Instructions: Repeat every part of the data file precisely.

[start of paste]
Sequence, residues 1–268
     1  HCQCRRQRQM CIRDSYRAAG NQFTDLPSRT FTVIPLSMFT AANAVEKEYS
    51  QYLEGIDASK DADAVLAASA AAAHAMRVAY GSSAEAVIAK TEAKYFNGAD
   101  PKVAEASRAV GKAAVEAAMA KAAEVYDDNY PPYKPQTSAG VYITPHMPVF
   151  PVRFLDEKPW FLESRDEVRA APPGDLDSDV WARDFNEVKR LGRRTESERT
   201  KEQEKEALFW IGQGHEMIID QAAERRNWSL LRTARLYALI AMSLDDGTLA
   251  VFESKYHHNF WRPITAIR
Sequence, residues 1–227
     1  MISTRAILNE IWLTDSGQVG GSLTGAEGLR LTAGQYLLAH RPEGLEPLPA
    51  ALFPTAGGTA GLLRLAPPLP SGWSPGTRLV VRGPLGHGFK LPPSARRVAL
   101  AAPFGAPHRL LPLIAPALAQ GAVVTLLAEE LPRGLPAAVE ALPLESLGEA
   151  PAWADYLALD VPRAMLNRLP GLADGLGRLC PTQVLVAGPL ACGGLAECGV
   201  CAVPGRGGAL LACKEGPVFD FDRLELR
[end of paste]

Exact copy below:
Sequence, residues 1–268
     1  HCQCRRQRQM CIRDSYRAAG NQFTDLPSRT FTVIPLSMFT AANAVEKEYS
    51  QYLEGIDASK DADAVLAASA AAAHAMRVAY GSSAEAVIAK TEAKYFNGAD
   101  PKVAEASRAV GKAAVEAAMA KAAEVYDDNY PPYKPQTSAG VYITPHMPVF
   151  PVRFLDEKPW FLESRDEVRA APPGDLDSDV WARDFNEVKR LGRRTESERT
   201  KEQEKEALFW IGQGHEMIID QAAERRNWSL LRTARLYALI AMSLDDGTLA
   251  VFESKYHHNF WRPITAIR
Sequence, residues 1–227
     1  MISTRAILNE IWLTDSGQVG GSLTGAEGLR LTAGQYLLAH RPEGLEPLPA
    51  ALFPTAGGTA GLLRLAPPLP SGWSPGTRLV VRGPLGHGFK LPPSARRVAL
   101  AAPFGAPHRL LPLIAPALAQ GAVVTLLAEE LPRGLPAAVE ALPLESLGEA
   151  PAWADYLALD VPRAMLNRLP GLADGLGRLC PTQVLVAGPL ACGGLAECGV
   201  CAVPGRGGAL LACKEGPVFD FDRLELR